Book Review: Greg Mortenson’s Three Cups of Tea

51y1wzsq3wl_sl160_When Greg Mortenson got lost coming down K2 and drifted into an impoverished Pakistani village, he had little thought beyond trying to survive.  But he was so struck by the kindness and hospitality of the people he met, he became determined to do something in return.  He decided to build schools.  However, in a striking and moving scene, the village elder turned him down.  “We need a bridge,” he explained.   And so Mortenson learned his first lesson in patience.

The title comes from the custom of drinking three cups of tea in Pakistan and Afghanistan: The first time you share tea you are a stranger.  The second time you take tea, you are an honored guest. The third time you drink a cup of tea, you become family.  “Doctor Greg,” said the village elder Haji Ali, “you must make time to share three cups of tea.  We may be uneducated. But we are not stupid. We have lived and survived here for a long time.”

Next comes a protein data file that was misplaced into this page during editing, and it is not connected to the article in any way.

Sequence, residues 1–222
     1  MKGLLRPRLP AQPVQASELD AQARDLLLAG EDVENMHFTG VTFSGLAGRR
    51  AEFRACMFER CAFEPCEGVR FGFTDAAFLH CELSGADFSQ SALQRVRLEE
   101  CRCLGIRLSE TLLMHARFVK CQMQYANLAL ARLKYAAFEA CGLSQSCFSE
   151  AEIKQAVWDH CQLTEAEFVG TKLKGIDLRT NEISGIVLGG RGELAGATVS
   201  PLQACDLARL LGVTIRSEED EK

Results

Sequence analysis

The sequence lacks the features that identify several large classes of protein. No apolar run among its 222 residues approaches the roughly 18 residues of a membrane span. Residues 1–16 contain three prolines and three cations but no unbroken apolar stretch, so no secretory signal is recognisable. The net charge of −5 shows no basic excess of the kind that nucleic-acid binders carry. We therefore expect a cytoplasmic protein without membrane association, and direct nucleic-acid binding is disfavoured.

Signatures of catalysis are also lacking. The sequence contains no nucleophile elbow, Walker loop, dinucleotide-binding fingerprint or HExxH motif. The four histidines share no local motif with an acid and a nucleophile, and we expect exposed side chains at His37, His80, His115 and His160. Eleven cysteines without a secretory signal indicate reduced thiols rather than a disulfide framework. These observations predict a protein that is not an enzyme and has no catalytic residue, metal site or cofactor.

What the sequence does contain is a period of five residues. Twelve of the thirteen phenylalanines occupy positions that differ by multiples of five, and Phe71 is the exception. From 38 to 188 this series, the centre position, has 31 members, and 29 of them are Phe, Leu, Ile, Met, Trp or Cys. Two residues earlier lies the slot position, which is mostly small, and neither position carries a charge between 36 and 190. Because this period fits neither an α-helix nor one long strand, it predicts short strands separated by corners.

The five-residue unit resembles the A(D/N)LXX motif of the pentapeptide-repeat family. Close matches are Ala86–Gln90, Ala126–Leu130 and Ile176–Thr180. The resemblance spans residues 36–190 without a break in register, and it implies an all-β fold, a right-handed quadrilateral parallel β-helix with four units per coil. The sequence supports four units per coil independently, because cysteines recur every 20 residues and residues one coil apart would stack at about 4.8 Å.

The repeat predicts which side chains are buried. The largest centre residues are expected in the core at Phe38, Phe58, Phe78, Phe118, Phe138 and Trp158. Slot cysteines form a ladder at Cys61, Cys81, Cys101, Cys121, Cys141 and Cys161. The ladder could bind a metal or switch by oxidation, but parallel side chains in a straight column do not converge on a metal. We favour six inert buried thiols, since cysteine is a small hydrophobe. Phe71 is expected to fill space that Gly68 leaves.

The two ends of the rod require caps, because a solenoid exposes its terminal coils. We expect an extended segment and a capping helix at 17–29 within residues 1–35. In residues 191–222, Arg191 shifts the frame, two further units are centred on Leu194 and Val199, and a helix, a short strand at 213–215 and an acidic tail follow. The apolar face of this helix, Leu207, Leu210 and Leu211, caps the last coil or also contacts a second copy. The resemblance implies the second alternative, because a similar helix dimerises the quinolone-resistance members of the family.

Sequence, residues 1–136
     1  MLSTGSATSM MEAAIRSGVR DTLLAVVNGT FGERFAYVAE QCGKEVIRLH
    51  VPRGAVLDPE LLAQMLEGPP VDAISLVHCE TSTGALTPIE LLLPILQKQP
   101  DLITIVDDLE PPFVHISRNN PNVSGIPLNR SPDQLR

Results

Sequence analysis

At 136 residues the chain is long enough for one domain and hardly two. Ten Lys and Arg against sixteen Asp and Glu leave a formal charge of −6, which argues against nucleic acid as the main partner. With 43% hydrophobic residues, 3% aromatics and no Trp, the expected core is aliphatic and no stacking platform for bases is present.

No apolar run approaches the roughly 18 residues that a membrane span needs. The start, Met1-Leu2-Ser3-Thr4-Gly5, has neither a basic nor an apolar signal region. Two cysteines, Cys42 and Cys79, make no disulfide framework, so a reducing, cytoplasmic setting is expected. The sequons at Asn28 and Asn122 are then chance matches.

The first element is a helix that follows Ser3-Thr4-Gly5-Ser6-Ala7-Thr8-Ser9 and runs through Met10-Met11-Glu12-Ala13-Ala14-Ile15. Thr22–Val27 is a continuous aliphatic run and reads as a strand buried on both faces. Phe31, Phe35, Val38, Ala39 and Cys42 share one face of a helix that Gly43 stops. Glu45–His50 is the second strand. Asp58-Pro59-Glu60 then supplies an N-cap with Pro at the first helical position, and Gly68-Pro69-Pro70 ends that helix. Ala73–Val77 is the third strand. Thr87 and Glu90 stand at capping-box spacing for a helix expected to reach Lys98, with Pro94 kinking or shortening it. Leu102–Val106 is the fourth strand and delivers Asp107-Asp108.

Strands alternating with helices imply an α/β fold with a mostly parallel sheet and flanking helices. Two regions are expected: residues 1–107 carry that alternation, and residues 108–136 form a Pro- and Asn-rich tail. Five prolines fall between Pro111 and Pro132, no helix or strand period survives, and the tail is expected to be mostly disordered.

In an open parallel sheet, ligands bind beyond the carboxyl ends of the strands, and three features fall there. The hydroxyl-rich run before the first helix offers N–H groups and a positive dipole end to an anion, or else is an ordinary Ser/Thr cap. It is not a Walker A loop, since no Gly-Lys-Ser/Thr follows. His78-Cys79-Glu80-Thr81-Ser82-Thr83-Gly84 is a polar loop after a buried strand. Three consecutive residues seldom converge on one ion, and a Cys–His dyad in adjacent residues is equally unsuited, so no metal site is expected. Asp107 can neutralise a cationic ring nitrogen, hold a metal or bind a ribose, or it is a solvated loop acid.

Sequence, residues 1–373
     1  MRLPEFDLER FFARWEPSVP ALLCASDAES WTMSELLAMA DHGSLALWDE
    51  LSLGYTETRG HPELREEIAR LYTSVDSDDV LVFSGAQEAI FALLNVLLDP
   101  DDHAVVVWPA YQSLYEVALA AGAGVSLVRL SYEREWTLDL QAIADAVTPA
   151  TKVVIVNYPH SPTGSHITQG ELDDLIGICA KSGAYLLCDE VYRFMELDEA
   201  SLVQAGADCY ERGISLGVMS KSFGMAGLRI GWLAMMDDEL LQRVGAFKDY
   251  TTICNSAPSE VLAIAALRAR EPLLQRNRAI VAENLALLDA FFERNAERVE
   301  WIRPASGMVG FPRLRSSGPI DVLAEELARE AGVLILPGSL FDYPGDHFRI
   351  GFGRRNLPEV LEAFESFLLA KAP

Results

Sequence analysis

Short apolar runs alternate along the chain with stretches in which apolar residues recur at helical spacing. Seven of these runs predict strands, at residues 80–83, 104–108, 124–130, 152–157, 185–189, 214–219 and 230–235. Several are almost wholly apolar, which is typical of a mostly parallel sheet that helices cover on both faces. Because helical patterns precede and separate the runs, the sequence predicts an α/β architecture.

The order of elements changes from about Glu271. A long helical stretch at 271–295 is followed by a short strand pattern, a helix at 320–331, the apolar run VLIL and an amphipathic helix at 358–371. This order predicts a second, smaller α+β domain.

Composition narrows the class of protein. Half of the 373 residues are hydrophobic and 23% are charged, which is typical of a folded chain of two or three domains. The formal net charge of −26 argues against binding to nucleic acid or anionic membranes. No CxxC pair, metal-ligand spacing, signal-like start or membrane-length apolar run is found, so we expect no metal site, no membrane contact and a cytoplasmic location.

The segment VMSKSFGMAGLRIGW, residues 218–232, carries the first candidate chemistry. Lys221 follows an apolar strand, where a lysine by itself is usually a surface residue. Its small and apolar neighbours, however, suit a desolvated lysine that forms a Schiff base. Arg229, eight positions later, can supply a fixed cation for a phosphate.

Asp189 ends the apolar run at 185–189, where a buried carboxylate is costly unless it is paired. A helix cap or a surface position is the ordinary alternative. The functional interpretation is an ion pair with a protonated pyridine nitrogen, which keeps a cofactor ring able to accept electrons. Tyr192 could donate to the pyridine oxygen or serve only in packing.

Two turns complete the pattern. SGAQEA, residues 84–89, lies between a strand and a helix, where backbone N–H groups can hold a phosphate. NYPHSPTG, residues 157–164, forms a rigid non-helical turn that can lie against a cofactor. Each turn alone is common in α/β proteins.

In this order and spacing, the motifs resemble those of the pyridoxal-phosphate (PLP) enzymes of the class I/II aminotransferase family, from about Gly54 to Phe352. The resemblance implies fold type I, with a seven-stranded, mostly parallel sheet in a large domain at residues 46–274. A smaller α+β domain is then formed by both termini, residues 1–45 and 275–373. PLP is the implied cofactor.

Mortenson writes that Haji Ali taught him the most important lesson he’d ever learned:  to slow down and make building relationships as important as building schools.

This is one of my favorite books.  It is an extraordinary story of grit and determination, and a willingness to be open to the unfamiliar customs of a different culture. This would make a perfect gift for that friend or family member who has a passion for helping others.

–Cynthia Haggard writes short stories, novels and poetry.  During the day, she is a medical writer and owns her own business.  For more on her creative writing, go to spunstories.  For more about her medical writing services, go to clarifyingconcepts.  (c) 2009. All rights reserved.

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